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Just some background, sorry so long winded.

I'm using the System.Data.SQLite ADO.net adapter to create a local sqlite database and this will be the only process hitting the database, so I don't need to worry about concurrency.

I'm building the database from various sources and don't want to build this all in memory using datasets or dataadapters or anything like that. I want to do this using SQL (DdCommands). I'm not very good with SQL and complete noob in sqlite. I'm basically using sqlite as a local database / save file structure.

The database has a lot of related tables and the data has nothing to do with People or Regions or Districts, but to use a simple analogy, imagine:

Region table with auto increment RegionID, RegionName column and various optional columns.

District table with auto increment DistrictID, DistrictName, RegionId, and various optional columns

Person table with auto increment PersonID, PersonName, DistrictID, and various optional columns

So I get some data representing RegionName, DistrictName,PersonName, and other Person related data. The Region, District and/or Person may or may not be created at this point.

Once again, not being the greatest with this, my thoughts would be something like:

  • Check to see if Region exists and if so get the RegionID
  • else create it and get RegionID
  • Check to see if District exists and if so get the DistrictID
  • else create it adding in RegionID from above and get DistrictID
  • Check to see if Person exists and if so get the PersonID
  • else create it adding in DistrictID from above and get PersonID
  • Update Person with rest of data.

In MS SQL Server I would create a stored procedure to handle all this.

Only way I can see to do this with sqlite is a lot of commands. So I'm sure I'm not getting this. I've spent hours looking around on various sites but just don't feel like I'm going down the right road. Any suggestions would be greatly appreciated.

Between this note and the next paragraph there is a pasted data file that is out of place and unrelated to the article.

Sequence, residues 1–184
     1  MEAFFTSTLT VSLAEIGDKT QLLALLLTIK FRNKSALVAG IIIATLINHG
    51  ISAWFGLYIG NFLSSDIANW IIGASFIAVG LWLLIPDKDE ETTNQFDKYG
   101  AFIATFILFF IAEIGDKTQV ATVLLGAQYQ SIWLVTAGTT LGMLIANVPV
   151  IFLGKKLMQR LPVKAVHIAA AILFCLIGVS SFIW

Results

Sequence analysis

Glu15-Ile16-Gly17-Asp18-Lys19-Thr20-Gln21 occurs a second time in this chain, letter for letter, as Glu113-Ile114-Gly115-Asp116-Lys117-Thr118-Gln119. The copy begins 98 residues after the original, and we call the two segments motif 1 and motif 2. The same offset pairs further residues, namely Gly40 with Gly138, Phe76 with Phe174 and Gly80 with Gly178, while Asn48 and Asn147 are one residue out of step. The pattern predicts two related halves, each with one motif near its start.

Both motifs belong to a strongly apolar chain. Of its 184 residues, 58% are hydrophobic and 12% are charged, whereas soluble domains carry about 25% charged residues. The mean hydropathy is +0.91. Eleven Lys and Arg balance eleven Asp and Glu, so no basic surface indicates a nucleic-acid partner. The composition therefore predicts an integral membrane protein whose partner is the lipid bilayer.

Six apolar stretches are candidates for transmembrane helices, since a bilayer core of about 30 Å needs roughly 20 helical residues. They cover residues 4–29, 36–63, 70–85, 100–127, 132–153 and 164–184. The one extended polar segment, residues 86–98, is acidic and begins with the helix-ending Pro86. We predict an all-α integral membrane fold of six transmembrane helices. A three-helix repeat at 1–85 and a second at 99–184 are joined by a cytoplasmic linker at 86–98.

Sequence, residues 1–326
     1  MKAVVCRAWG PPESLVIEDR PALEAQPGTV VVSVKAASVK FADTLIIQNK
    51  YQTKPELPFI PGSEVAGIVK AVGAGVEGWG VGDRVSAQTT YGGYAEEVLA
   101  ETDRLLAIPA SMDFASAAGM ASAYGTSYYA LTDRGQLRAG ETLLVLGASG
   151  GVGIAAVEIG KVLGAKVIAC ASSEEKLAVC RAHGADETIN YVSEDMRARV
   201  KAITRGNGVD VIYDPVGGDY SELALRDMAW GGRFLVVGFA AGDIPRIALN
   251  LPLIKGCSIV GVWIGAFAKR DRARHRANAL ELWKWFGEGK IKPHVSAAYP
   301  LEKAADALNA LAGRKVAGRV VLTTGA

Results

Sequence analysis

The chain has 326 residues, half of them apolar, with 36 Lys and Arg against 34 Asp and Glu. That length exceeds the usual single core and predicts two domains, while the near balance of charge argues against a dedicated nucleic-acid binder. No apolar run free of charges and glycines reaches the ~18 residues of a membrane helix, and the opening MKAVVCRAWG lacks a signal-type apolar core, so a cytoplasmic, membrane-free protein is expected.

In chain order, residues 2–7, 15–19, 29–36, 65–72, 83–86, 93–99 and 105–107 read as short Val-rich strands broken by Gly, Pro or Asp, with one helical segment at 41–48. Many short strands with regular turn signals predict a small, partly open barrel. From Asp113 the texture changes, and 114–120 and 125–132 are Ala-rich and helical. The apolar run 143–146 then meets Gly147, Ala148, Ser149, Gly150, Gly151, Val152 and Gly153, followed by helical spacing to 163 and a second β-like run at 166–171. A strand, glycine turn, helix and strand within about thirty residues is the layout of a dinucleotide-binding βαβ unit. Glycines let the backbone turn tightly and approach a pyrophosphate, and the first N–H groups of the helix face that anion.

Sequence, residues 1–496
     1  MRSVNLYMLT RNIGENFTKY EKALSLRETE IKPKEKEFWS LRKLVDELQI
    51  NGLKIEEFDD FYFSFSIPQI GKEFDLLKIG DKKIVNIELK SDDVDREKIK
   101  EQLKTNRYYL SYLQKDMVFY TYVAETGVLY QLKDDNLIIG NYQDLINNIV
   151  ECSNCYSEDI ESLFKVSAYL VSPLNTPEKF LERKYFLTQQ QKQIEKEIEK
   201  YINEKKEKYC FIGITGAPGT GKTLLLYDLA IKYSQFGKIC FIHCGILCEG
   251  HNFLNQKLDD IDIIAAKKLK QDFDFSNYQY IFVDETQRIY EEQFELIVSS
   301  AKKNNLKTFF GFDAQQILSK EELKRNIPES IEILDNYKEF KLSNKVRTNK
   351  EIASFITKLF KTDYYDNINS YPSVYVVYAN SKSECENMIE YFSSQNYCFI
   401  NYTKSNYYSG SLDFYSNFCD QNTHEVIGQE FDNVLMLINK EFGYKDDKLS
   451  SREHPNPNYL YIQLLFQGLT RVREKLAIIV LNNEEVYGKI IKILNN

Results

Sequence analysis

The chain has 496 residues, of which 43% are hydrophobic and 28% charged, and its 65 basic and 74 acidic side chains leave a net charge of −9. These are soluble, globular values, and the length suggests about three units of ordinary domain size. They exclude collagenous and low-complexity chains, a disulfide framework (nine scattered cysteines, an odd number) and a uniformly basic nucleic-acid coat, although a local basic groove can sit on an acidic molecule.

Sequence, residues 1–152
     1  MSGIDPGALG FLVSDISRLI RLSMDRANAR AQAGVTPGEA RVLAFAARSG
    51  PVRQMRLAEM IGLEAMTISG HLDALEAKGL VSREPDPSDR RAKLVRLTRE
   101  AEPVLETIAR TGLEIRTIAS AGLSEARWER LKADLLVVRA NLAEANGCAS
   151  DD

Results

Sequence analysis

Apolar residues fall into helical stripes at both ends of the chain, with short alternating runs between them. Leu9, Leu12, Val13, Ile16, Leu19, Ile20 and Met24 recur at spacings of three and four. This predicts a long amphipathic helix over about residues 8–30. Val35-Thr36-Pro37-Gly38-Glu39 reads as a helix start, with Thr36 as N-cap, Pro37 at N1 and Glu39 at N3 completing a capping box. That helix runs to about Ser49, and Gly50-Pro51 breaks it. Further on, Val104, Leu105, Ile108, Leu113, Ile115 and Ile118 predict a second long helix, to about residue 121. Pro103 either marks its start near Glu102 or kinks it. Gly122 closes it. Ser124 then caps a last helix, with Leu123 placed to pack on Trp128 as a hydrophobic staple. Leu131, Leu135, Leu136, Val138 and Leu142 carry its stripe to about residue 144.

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1 Answer 1

up vote 2 down vote accepted

Use last_insert_rowid() in conjunction with INSERT OR REPLACE. Something like:

                       VALUES (:Region   );

INSERT OR REPLACE INTO District(DistrictName, RegionID           )
                        VALUES (:District   , last_insert_rowid());

INSERT OR REPLACE INTO Person(PersonName, DistrictID           )
                      VALUES (:Person   , last_insert_rowid());
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I'll give it a shot. Thanks! –  PerryJ Apr 2 '10 at 1:16
It made sense when I read the answer but I'm not getting what I expected now that I'm trying it in code. It's close but still not quite working right. For instance, in the District table, the DistrictID and the RegionID have the same values for each row, instead of RegionID actually matching up to a RegionID in the Region table. Same sort of thing in the Person table. Also, it looks as if every collision causes the primary key to change. If other tables are pointing at that primary key I don't see how that can be good. –  PerryJ Apr 15 '10 at 22:03
I ended up doing what was explained here: probertson.com/articles/2009/11/30/… –  PerryJ Apr 29 '10 at 23:27

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